The display shelf unit of the invention may be used singly as a freestanding end cap display, or two units may be placed back-to-back, or four units may be arranged together to form an island display, with each of the four units facing outwardly in a different direction.
Because of the superior strength of the display rack of the invention, it may safely be used to display relatively heavy products, including some products that are not intended for the rack. Moreover, if the rack of the invention becomes damaged or no longer useful it may be discarded at an insignificant cost to the merchandiser or vendor whose goods are intended to be displayed on the rack.
BRIEF DESCRIPTION OF THE DRAWINGS
The foregoing as well as other objects and advantages of the invention will become apparent from the following detailed description when considered in conjunction with the accompanying drawings, wherein like reference characters designate like parts throughout the several views, and wherein:
FIG. 1 is a front perspective view of one of the display shelf units of the invention;
FIG. 2 is a top perspective view of four of the display shelf units of the invention assembled together to form a display island;
FIG. 3 is a plan view of the blank used to form the base of the display shelf unit of the invention;
FIG. 4 is a plan view of the blank used to form a shelf used in the display unit of the invention;
FIG. 5 is an enlarged, bottom perspective end view of the shelf of FIG. 4, shown in its folded condition ready for use;
FIG. 6 is a plan view of the blank used to form the H-divider used in the footer of the display shelf unit of the invention;
FIG. 7 is a top perspective view of the H-divider of FIG. 6, shown in partially folded condition;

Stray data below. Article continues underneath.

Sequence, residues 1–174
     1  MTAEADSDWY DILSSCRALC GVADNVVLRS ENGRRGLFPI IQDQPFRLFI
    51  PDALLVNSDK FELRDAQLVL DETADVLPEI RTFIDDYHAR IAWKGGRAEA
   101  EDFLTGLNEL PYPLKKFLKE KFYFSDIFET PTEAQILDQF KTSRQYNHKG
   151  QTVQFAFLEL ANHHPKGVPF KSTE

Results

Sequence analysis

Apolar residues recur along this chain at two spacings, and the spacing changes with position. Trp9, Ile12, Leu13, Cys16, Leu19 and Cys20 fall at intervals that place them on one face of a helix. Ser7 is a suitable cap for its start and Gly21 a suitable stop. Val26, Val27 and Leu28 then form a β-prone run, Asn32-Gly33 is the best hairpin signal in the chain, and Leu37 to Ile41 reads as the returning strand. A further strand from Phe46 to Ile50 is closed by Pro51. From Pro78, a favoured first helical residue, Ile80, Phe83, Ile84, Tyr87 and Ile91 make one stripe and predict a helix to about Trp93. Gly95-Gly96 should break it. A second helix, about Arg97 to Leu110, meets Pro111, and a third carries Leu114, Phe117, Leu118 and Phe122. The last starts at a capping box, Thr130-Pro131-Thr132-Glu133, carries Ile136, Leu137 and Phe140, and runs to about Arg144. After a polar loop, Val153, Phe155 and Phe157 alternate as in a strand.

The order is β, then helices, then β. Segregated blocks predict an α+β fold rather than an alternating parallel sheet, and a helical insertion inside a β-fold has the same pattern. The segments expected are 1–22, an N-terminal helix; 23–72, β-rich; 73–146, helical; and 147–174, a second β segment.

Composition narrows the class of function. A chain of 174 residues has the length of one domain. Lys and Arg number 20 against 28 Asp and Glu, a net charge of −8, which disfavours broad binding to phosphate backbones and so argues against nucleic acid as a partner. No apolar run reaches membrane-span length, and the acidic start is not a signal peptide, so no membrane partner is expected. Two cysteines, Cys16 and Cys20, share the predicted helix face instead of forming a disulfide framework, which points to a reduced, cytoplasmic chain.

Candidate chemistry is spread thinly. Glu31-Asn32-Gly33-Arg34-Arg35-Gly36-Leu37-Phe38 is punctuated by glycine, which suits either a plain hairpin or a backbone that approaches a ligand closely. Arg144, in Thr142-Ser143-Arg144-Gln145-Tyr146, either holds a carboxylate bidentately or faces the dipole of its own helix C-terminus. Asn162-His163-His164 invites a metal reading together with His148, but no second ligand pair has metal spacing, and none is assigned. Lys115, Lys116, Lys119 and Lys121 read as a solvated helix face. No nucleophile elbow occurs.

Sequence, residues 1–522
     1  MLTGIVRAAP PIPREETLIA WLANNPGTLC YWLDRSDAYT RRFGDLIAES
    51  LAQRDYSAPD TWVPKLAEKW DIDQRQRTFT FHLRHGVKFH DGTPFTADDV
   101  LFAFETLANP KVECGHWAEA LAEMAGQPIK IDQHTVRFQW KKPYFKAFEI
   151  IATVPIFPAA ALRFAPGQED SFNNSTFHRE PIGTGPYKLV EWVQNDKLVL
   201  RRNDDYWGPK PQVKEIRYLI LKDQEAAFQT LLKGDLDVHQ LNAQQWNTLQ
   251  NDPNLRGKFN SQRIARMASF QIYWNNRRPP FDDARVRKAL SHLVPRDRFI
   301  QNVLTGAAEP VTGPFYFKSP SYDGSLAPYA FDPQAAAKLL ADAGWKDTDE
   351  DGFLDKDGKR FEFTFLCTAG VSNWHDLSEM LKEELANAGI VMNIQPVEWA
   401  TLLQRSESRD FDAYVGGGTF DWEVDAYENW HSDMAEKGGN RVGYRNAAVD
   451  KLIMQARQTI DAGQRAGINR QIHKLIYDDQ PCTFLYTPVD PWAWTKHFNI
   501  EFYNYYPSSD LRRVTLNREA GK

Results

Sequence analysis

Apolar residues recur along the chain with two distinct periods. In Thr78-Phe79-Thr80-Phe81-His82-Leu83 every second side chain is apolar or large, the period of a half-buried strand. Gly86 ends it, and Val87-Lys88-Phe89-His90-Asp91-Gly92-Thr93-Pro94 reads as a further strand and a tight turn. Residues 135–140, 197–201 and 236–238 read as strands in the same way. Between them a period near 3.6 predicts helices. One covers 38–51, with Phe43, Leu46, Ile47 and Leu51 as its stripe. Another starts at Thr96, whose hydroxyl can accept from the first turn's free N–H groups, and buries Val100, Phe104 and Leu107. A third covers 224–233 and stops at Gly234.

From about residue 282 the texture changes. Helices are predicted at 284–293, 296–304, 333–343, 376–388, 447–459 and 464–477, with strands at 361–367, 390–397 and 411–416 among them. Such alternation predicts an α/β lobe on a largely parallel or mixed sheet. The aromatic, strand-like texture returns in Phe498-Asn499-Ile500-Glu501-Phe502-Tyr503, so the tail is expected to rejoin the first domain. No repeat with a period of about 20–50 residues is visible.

FIG. 8 is a plan view of the blank used to form the footer used in the display shelf unit of the invention;
FIG. 9 is an exploded top perspective view of the H-divider and footer, showing how these two components are assembled together to form a structural subassembly for supporting the base;
FIG. 10 is a top perspective view of the H-divider and footer in their assembled condition;
FIG. 11 is an exploded bottom perspective view of the footer and base, showing the base lying on its back and illustrating how the footer and base are assembled together to form the structural subassembly for supporting the shelves;
FIG. 12 is a bottom perspective view of the base and footer in assembled relationship, showing the base lying on its back;
FIG. 13 is a front perspective view of the footer and base in an upright position, showing how the footer is folded to complete the subassembly;
FIG. 14 is a front perspective view of the footer and base in their upright, assembled condition;
FIG. 15 is a front perspective view of the partially folded shelf support member;
FIG. 16 is an exploded front perspective view of the assembled footer and base, illustrating how a shelf unit and shelf support are assembled to the support subassembly;
FIG. 17 is a front perspective view of the footer and base, with one shelf and shelf support assembled thereto, and illustrating how the side flaps are folded to form pockets for receiving end tabs on the shelves;
FIG. 18 is an exploded front perspective view of the assembled footer and base, showing one shelf and its support in assembled relationship, and illustrating how additional shelves are added; and
FIG. 19 is a front perspective view of a completed display shelf unit according to the invention.
DETAILED DESCRIPTION OF THE PREFERRED EMBODIMENTS